“As a female entrepreneur in the cosmetics world, I often work with or alongside large heritage businesses that are generally owned or managed by men. Unfortunately, young female entrepreneurs are not taken very seriously. But as a creative, I’ve always thought differently, plus I simply don’t take no for an answer. I spent a year emailing a supplier who wouldn’t work with me initially because he said my company was too small. Finally, he took me on, and within a year, Kester Black was their second largest customer.
“Regardless of what’s happening in the business or economic climate, it’s really important that young female entrepreneurs reach out and ask for help. Find mentors and build your connections; doing so helps you with the challenges that come with business and build you into a success. Developing resilience, in tough and good times, as a female business leader is essential; it helps you learn to adapt and forces you to be smarter.”
Jessica Ruhfus, Founder & CEO, Collabosaurus says: “The unpredictability and constant need to adapt quickly over the last 2.5 years have been exhausting for so many businesses. Many of our clients experienced burnout, as did I and, sadly, there’s no easy road ahead as we face more dramatic changes in the economic landscape. At Collabosaurus, we’ve seen both immense growths as well as sharp losses and stagnating periods. Challenges, rejection, tough conversations, and life-altering decision-making come with running a business.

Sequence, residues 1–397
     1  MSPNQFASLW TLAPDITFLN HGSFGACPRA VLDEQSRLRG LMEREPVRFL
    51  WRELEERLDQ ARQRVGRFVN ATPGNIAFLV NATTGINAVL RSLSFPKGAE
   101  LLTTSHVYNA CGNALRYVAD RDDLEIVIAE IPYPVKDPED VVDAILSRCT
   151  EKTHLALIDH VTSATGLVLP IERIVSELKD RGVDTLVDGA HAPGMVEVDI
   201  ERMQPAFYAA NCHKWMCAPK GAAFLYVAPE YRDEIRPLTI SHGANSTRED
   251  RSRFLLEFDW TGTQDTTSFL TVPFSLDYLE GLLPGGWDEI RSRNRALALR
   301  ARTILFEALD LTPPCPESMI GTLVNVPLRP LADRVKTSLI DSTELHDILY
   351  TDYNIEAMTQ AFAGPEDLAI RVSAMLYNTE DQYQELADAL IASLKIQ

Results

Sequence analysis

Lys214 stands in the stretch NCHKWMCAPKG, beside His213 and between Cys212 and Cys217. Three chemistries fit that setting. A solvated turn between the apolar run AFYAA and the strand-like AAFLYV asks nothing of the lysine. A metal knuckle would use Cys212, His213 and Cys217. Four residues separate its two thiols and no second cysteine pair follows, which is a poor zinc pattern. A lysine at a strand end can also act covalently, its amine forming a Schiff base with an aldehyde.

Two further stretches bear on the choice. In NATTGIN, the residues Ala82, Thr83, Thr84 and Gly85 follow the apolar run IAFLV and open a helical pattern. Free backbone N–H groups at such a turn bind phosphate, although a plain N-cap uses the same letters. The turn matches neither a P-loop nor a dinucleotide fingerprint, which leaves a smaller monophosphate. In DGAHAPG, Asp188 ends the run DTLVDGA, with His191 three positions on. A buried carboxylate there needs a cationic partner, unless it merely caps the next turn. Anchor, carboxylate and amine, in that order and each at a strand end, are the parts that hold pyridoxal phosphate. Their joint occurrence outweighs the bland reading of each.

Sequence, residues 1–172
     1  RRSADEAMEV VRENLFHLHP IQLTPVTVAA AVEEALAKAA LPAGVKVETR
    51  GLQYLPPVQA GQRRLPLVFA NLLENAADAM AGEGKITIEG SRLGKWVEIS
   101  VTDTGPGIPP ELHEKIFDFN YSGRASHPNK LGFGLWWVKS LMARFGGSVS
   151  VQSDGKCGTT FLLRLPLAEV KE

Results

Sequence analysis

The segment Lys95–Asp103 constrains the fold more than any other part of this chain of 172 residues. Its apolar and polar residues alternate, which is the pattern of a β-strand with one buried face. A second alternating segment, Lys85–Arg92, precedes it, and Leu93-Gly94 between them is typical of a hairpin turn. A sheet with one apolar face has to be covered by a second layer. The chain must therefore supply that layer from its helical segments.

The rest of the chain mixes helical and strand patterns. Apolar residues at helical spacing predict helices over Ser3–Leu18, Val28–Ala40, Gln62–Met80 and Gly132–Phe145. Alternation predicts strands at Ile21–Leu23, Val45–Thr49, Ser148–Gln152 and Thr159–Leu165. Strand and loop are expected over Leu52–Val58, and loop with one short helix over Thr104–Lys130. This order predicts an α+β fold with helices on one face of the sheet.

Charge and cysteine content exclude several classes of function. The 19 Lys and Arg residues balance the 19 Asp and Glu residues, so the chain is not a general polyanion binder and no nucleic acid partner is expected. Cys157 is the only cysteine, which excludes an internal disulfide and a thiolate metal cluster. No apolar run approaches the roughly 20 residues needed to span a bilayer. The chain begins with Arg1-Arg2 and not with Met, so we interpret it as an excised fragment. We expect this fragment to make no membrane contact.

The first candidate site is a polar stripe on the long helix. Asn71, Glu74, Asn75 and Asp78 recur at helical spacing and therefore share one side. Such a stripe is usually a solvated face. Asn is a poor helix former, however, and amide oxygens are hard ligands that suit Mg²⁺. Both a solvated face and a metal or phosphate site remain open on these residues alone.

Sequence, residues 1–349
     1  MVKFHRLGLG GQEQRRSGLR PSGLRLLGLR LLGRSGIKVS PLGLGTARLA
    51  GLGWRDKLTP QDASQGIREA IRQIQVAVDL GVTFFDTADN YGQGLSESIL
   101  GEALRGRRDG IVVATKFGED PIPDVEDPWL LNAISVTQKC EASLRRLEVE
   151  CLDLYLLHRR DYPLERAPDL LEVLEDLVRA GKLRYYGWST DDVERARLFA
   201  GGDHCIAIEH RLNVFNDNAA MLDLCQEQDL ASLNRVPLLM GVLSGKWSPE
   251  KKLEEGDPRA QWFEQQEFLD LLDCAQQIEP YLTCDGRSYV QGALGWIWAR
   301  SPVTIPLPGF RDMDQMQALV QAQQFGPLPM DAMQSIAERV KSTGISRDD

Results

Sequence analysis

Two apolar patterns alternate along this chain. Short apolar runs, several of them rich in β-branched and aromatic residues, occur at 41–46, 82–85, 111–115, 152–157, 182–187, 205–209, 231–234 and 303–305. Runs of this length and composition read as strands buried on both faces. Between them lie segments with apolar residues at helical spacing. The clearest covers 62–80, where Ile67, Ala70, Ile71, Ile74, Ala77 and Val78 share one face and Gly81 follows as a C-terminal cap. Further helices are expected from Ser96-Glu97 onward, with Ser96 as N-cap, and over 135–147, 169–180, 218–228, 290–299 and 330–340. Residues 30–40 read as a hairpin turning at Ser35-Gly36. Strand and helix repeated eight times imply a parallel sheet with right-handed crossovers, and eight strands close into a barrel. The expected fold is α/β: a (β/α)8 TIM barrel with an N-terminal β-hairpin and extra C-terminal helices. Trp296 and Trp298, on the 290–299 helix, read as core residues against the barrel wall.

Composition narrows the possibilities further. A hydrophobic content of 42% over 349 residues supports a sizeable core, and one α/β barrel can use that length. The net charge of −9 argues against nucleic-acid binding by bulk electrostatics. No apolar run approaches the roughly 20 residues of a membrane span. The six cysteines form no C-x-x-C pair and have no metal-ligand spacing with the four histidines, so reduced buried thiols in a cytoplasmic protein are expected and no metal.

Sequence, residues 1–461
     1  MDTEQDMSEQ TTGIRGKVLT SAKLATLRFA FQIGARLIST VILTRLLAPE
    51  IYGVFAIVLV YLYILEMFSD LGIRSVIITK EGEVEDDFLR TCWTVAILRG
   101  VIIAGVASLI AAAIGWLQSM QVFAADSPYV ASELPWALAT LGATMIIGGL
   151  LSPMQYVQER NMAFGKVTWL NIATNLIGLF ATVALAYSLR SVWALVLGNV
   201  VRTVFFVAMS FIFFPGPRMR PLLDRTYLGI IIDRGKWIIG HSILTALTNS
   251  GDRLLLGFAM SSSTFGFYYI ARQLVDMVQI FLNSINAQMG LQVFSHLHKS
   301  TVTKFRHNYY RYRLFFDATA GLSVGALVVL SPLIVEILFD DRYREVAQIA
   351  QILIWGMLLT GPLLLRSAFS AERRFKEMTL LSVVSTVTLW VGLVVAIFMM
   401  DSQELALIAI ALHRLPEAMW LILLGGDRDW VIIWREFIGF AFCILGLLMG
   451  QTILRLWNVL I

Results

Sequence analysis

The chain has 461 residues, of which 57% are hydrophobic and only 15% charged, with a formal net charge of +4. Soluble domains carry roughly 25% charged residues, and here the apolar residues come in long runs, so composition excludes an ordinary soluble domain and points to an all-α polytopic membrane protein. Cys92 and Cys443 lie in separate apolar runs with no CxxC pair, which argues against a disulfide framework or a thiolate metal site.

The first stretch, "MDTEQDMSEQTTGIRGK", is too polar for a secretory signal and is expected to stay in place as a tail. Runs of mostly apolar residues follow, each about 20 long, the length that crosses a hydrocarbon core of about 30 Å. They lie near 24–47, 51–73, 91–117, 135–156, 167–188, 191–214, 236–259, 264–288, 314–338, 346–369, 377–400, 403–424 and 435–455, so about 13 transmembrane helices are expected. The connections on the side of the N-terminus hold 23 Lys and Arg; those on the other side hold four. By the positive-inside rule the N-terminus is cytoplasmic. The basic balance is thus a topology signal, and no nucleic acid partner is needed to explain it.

“Throw a global pandemic, recession, major political shifts and flooding into the mix and your capacity for resilience increases out of survival. After burning out, another necessity was to reassess priorities and health, which has been a great positive shift. It’s easy to get caught up in self-doubt and blame, especially when there are external forces at play, but we all need to be easier on ourselves. Connections and relationships are truly everything; I wouldn’t be here without my amazing network of friends, colleagues, clients, team, collaborators and brand partners.”
Kellie Brown, Co-Founder, Fig & Bloom says: “We launched into a new market in Brisbane during the thick of the pandemic, which had its challenges. However, we’ve been open for 10 months now and are understanding our differing markets better than ever. Throughout the past year, we faced two main challenges with this expansion, including developing a culture of excellence with a brand new team and affordable customer acquisition.